Gaton, what angle did you give it there? seems like it fold all over the edge like paper! cant remember ever seeing that with any knife.But why a baldric rig for a 22 ounce Busse Battlesaw chopper, and not for a 40 ounce 1911 auto empty? Knives are always much lighter than any handgun... The 10" Lile Rambo "Mission" weights the same as an empty SW J frame 5 shot .38 that's often seen as an ankle holster back up...
That being said, I am revising my opinion of Hollow Grinds after much testing...: This is for reasons that are... Complicated...: I've found that using a Hollow Grind while chopping probably leads to a faster continuous micro-burr, even with correct use without any side loads: I think the thinner edge of a Hollow Grind hits "softer" into wood, but this also means the edge is less stable on entry, and this leads to a faster "burr" formation, caused by a less steady course of the edge inside the wood at the moment of impact. Full Flat Grinds are more resistant to this "burr" because the constant "widening" of the blade stabilizes it more as it penetrates: It runs straighter into the wood... I don't like Convex Grinds for multiple reasons, but they would, in theory, have the same advantage as Full Flat Grinds (along with less sticking, but at the unacceptable cost -for me- of being duller generally: I won't go into that).
This has to be tempered by FFGs, in my other observations, being less tolerant at the edge of accidentally applying side loads, because the "shoulders" of the edge are less "prominent" on FFGs, for the same edge angle, than on Hollow Grinds. Prominent "shoulders" take the lateral load off the apex more, reducing gross apex warping... For similar reasons, comparably thin convex edges also suffer more from side loads: Here my INFI Busse Battlesaw at around 15 dps final, very mild use:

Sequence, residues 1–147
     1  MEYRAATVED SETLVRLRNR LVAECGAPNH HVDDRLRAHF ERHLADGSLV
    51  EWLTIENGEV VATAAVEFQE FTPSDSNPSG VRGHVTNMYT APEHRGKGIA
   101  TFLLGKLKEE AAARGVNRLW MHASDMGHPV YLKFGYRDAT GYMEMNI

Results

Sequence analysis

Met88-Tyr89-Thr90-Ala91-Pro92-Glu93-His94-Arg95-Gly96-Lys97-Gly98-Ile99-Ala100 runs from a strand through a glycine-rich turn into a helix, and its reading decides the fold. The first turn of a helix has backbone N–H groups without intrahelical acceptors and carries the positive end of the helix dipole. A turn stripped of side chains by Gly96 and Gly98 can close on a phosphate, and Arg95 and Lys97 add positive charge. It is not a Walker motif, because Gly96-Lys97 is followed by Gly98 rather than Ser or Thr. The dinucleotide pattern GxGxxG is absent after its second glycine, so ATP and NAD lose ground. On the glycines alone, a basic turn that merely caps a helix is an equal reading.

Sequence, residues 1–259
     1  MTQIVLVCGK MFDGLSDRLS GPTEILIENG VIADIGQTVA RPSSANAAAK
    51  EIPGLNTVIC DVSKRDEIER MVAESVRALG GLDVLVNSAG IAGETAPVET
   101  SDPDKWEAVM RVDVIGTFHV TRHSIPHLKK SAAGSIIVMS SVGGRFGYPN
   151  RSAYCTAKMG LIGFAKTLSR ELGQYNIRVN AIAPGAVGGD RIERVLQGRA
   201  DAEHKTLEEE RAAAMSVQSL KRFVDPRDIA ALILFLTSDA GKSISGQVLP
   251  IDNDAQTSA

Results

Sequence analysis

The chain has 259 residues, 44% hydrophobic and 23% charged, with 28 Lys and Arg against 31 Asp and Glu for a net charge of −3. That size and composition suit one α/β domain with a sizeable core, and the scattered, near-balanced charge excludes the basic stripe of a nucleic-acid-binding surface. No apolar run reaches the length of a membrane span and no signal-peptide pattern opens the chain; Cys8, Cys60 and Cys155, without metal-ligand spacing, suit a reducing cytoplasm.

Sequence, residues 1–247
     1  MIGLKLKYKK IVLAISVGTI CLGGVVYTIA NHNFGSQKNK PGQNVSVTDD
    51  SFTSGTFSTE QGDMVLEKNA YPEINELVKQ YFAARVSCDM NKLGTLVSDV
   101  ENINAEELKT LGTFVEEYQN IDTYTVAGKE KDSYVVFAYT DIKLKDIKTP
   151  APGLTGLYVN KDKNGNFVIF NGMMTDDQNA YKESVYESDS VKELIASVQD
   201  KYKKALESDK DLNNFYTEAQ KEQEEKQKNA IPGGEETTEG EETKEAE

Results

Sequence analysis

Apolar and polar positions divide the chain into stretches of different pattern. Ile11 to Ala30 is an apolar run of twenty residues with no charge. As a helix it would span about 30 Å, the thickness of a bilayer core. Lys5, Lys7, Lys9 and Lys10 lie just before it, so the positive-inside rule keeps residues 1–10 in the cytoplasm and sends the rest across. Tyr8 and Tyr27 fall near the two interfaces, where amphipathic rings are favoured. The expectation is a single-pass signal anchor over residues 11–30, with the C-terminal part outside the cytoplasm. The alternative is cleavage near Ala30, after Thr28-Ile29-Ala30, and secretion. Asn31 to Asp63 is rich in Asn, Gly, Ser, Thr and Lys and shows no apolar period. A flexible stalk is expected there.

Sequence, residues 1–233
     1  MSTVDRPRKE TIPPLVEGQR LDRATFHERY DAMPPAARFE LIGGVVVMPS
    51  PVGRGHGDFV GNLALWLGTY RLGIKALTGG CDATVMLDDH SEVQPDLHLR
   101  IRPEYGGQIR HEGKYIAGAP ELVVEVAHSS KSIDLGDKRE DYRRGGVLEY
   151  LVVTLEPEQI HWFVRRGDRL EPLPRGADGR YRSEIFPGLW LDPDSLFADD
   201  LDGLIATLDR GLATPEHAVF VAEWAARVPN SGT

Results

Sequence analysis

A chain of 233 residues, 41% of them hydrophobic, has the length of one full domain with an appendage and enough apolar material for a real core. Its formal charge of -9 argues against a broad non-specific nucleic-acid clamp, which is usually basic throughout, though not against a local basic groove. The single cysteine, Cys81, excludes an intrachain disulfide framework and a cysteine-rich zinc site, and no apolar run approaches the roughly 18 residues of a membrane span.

View attachment 377765
So microscopic apex burr from normal "competent" chopping: Flat Grinds better.
Accidental side loads while carelessly twisting knife: Less major edge apex warping for Hollow Grinds, due to the more acute/prominent edge shoulders taking the load away from the apex.
Combining a Full Flat Grind and 420J improves "normal" (no accidental side-twist) edge holding when chopping, because 420J loses its micro-apex faster, so there is no "burr" to bend and make a "lever" for a higher and higher bend on the rest of the edge, acting like a microlever to keep warping the edge more and more for each hit. Plus, the Full Flat Grind also runs into the wood straighter! This explains why FFG profiles in Taiwanese 420J seemed to hold up so well, being reluctant to make that continuous misaligned bent "lip" that gets taller and taller with each hit.
However, if I mishandled the 420J FFG knife, and put side loads on it, then the apex would fare worse than a similar Hollow Grind. This due both to the softer 420J steel and the lesser edge shoulders of a FFG. It is complicated, but I hope it makes sense.